Suggesting Potential Drug Candidates for Coronavirus

  • Author: ChemViews Magazine
  • Published Date: 05 February 2020
  • Source / Publisher: ChemBioChem/Wiley-VCH
  • Copyright: Wiley-VCH Verlag GmbH & Co. KGaA
thumbnail image: Suggesting Potential Drug Candidates for Coronavirus

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The novel coronavirus (2019-nCoV) is a newly emerged human-infectious coronavirus (CoV) that was originated in a Wuhan, China, seafood market. It has quickly spread worldwide: As of Feb 4th, 2020, there are 20,530 confirmed infections and 426 deaths in 25 countries. The World Health Organization (WHO) has declared the coronavirus outbreak a global health emergency. This is the highest level of alarm.

Chinese researchers have quickly isolated and sequenced the virus (GenBank ID: MN908947.3) but details about the virus and how it spreads remain unclear. Currently, there are several international research groups identifying treatments and working on a vaccine against the virus. Wenshe R. Liu and colleagues, Texas A&M University, College Station, USA, have summarized the current research (26.1.2020) and suggest four potential drug candidates.


Coronavirus Entering and Replicating in Host Cell
In general, CoV relies on its so-called spike protein to bind a host cell surface receptor for entry into the host (pictured above). For the 2019-nCoV, it is known that this receptor is angiotensin-converting enzyme 2 (ACE2). After its entry into the host cell, the virus RNA attaches directly to the host ribosome for translation of two large, coterminal polyproteins. These are processed by proteolysis to components for packing new virions. The coronavirus’ main proteinase (3CLpro) and the papain-like protease (PLpro) are involved in the proteolysis process. To replicate the RNA genome, the CoV encodes a replicase. This is an RNA-dependent RNA polymerase (RdRp).

These four proteins, 3CLpro, PLpro, RdRp, and the spike, are essential for the virus. Therefore, therapeutics targeting one of these proteins are currently being tested as a possible treatment for 2019-nCoV.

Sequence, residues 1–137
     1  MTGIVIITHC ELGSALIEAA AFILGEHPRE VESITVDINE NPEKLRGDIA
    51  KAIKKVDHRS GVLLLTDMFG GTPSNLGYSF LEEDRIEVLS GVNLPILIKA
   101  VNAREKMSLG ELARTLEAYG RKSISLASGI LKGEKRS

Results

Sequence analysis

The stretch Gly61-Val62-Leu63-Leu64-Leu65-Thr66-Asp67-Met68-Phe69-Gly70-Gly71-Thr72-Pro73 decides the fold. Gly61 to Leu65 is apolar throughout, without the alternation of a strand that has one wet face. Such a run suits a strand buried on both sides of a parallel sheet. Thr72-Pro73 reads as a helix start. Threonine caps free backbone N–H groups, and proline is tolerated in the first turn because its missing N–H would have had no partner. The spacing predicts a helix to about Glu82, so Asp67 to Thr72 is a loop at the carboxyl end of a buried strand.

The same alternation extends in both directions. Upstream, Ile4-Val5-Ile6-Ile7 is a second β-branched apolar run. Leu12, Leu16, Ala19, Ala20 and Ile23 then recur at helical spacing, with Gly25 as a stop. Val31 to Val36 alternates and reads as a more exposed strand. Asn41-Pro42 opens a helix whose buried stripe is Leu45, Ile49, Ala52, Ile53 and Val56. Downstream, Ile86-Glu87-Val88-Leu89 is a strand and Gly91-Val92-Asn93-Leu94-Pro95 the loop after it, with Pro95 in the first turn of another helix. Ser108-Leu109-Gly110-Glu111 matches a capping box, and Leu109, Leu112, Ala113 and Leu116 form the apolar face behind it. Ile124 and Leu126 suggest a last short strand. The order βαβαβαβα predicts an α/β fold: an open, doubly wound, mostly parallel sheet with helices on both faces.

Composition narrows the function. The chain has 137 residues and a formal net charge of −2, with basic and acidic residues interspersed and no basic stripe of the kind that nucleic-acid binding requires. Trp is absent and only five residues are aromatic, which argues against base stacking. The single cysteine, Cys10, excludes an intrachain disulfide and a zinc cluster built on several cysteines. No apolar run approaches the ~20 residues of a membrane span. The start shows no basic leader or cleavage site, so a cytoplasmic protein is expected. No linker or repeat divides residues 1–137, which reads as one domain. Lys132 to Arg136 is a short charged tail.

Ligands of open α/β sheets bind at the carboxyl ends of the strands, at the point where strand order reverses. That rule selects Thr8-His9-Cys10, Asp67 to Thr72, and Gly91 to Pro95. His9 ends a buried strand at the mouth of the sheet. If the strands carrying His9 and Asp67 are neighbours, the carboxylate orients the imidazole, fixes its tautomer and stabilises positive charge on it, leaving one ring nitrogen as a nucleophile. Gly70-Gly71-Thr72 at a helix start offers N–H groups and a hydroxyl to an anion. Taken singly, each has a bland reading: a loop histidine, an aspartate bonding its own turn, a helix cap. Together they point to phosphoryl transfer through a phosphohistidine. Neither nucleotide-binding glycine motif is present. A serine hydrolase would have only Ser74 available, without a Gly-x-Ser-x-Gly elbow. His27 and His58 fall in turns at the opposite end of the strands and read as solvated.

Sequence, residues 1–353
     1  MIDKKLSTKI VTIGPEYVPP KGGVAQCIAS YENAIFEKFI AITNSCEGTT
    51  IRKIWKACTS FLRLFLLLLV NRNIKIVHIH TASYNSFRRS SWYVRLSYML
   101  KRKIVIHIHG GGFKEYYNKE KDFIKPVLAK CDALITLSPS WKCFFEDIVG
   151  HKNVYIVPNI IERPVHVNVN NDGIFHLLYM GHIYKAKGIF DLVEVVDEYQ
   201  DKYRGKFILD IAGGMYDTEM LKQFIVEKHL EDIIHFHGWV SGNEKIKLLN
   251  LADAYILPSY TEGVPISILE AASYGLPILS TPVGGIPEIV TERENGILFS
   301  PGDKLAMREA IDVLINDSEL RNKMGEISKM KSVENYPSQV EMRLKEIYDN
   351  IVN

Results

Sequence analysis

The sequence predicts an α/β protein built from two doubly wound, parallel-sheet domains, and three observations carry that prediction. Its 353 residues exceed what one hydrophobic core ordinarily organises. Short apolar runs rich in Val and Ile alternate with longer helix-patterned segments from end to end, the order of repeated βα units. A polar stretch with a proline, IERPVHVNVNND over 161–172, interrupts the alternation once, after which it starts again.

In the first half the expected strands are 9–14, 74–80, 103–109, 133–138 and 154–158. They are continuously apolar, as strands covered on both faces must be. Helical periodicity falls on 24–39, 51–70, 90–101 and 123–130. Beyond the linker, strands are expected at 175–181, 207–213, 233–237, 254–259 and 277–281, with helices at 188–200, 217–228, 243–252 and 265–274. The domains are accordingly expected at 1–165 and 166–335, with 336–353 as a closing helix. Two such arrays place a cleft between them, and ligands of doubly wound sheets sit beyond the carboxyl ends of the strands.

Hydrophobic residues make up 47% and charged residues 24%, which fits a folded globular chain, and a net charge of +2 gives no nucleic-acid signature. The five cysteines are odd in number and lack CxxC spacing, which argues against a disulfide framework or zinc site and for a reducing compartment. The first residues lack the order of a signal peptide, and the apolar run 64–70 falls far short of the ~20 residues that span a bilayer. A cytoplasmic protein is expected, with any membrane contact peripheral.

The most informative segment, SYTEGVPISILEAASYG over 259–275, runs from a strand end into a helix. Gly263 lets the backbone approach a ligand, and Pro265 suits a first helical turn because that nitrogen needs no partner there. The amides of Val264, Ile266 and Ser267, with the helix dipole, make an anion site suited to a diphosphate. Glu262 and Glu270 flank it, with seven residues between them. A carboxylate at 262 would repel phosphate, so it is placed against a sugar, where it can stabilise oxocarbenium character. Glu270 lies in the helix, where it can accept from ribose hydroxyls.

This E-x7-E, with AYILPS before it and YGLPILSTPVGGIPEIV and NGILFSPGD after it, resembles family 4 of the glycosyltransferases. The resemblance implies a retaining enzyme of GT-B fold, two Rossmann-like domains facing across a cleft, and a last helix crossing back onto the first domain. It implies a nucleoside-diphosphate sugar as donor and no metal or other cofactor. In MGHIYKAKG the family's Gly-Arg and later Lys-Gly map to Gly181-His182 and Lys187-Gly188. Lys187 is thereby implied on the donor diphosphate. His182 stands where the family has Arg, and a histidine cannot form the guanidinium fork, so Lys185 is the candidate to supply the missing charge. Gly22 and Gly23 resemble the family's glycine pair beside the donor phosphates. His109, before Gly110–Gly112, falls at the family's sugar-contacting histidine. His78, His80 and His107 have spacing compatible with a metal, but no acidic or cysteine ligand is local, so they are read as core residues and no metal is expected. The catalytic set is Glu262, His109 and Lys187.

Possible Treatments

The 2019-nCoV and SARS-CoV (severe acute respiratory syndrome-related coronavirus, GenBank ID: NC_004718.3) share a very high sequence identity on their RdRp and 3CLpro proteins. Remdesivir (developed as a treatment for Ebola virus disease) and 3CLpro-1 are small-molecule antiviral drugs that might have activity against SARS-CoV. Remdesivir is undergoing clinical trial. The researchers recommend using remdesivir and 3CLpro-1 to treat the 2019-nCoV. The Chinese authority may negotiate with Gilead Sciences, Foster City, CA, USA, in the possible use of remdesivir for patients suffering from the 2019-nCoV.

Other potential small molecule therapeutics for the 2019-nCoV according to the researchers include lead vinylsulfone protease inhibitors that prevent the entry of the CoV. In combination with camostat, they increase the survival rate of a mice model suffering from SARS-CoV infection.

The 2019-nCoV spike ribavirin (RBD) is significantly different from the SARS-CoV spike RBD especially in two regions when binding to ACE2. Therefore, previously developed antibodies and therapeutic peptides for the SARS-CoV spike RBD cannot be used for the 2019-nCoV. However, the researchers suggest using peptides and their cocktails gained from RBD and ACE2 as a quick solution to inhibit the RBD-ACE2 interaction.

Also of Interest

  • LitCovid
    Curated literature hub for tracking up-to-date scientific information about COVID-19
  • Many publishers and other entities have signed a joint statement to ensure that COVID-19 research findings and data are shared rapidly and openly



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Vera Koester wrote:


SARS-CoV-2 is the name of the virus previously called 2019-nCoV
COVID-19 is the name for the disease it causes

Thu Feb 13 08:54:16 UTC 2020

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Magazine of Chemistry Europe (16 European Chemical Societies) published by Wiley-VCH